Leading Stewardship in a Home Group

Dennis McCallum

Personal stewardship is a central area of Christian living. Authorities on this subject claim that Jesus taught more on money than any other subject. The epistles also teach often on giving, including strong language warning against refusal to give. Giving is presented in the same light as learning scripture, preaching, earnestness for God, and practicing Christian love. (2 Cor. 8:7 But just as you abound in everything, in faith and utterance and knowledge and in all earnestness and in the love we inspired in you, see that you abound in this gracious work also.)

These facts suggest that giving is not just a New Testament teaching, but a New Testament emphasis. Our own experience backs up this conclusion. We find that Christian workers who don't give are usually very problematic in other areas as well. In fact, refusal to give is a key symptom, pointing to deep, sometimes unseen spiritual problems like lack of self control, selfishness, secret drug or gambling addiction, hostility toward the church, and many others. As such, leaders' teaching should reflect an emphasis in this area, but many leaders mistakenly overlook stewardship in their leadership planning and assessment. Consider the following points in building an effective leadership approach in this area.

1. The first thing to do is review the theology of church and personal finance. Carefully study the paper, "The New Testament Pattern of Church Finance." Also, reading such as Gene Getz, A Theology of Material Goods is excellent. Developing your own strong convictions on giving must precede effective leading in this area. Teach these principles in home church.

2. According to Luke 16, your disciples will never be trusted by God to take care of the riches of the church unless they first become faithful in stewardship. When we think about our own history, it is not surprising that God picks this objective area as a litmus test for reliability in ministry. Crying out Hallelujah or standing to teach are easy to fake, but giving our money away in good quantity is something the selfish refuse to do. If people are serving God for selfish reasons, they will betray their true motives by their refusal to give.

3. Not only is non-giving a sign of selfishness, it may also be an important cause. The act of giving teaches us to view our riches as belonging to God. Giving is a discipline that constantly forces us to curb the flesh and live out our priorities in deed, not in word.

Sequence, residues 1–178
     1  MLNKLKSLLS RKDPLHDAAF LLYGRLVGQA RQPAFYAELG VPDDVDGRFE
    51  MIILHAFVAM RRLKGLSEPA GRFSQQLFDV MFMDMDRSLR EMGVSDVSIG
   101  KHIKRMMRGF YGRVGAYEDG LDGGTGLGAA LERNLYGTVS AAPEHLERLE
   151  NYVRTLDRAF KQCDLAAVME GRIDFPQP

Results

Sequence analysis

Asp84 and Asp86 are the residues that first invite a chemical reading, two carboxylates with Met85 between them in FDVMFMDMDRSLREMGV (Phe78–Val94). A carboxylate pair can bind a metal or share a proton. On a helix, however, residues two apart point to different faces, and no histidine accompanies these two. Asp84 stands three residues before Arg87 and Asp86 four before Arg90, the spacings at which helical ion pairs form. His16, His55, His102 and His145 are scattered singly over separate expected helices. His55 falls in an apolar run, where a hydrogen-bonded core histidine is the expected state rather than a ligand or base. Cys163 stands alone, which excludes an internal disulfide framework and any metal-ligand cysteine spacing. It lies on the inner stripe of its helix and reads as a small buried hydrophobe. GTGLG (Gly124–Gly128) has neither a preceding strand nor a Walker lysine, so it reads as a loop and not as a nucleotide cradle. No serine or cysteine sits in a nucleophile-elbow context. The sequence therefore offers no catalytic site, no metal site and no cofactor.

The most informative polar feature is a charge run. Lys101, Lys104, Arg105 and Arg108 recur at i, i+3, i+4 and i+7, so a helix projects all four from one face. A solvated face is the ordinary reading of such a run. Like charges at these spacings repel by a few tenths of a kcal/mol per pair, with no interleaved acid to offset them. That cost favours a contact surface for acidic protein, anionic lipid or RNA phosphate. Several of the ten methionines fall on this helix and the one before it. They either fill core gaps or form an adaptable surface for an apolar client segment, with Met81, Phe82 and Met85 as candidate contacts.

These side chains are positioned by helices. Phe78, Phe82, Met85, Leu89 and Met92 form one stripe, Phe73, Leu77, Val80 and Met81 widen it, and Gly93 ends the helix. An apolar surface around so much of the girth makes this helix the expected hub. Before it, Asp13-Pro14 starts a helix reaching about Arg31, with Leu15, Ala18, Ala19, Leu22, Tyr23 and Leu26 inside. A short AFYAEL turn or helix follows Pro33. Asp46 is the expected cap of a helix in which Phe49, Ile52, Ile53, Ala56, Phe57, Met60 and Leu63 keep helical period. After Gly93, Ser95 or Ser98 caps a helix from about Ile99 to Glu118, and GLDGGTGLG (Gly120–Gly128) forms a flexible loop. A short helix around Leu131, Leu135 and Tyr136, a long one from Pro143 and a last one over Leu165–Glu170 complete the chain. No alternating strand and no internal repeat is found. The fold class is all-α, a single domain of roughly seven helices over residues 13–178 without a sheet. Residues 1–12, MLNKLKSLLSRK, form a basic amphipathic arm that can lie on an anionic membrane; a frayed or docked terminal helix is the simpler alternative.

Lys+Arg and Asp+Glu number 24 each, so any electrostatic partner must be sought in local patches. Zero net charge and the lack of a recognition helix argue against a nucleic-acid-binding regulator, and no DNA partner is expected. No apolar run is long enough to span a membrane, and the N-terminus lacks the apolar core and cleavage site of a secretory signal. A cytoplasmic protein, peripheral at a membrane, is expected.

4. Not surprisingly, successful and well-led home churches are consistently among the top giving home churches. Weak giving churches are generally also weak in growth and discipleship as well. This correlation is predictable based on Luke 16.

5. Non-giving disciples will be rejected from the servant team by Xenos elders. Not only must deacons belong to the Fiscal Support Team, they must have a history of consistency in this area. Therefore, if you are hoping to raise up leaders, you must see progress in this area. Start early with your disciples teaching them the reasons for giving and encouraging them to begin practicing this central area of Christian living. Help disciples learn sound principles of personal finance, including getting out of excessive debt. If spending or debt is out of control, urge them to take one of the Gift personal finance classes.

6. Your annual stewardship presentation to the home church or your cell groups in January should be well-studied and strong. Consider using a combined cell group if you are worried about teaching on stewardship with nonChristians present. Consider approaching members beforehand with the idea that you would like to have the whole church take a stand together to make pledges at the presentation, and you will bring the pledge cards up to the office as one. Have testimonies ready from members who joined the Fiscal Support Team and experienced the presentations for the first time that year, or testimonies from those who have turned the corner in the area of stewardship.

7. Occasionally have missionaries who are raising support come to your home church or combined cell to present their mission. Urge your members to get involved as prayer partners and supporters.

8. Mark well those members who you know are strong givers and use them as examples to the church. This was done in the New Testament church (Paul used the Macedonians as an example to the Corinthians in 1 Cor. 8, and Barnabas and others were known to the whole Jerusalem church as having given up property for the common good according to Acts 4:36,7).

9. You should periodically ask your key disciples how things are going with their giving. Many leaders are surprised when they nominate disciples to the Servant Team, only to find out they haven't been giving. Ask your supervisor for feedback on how your home church is doing on giving. The office can't share specifics on your members' giving, but they can tell you how your group is doing.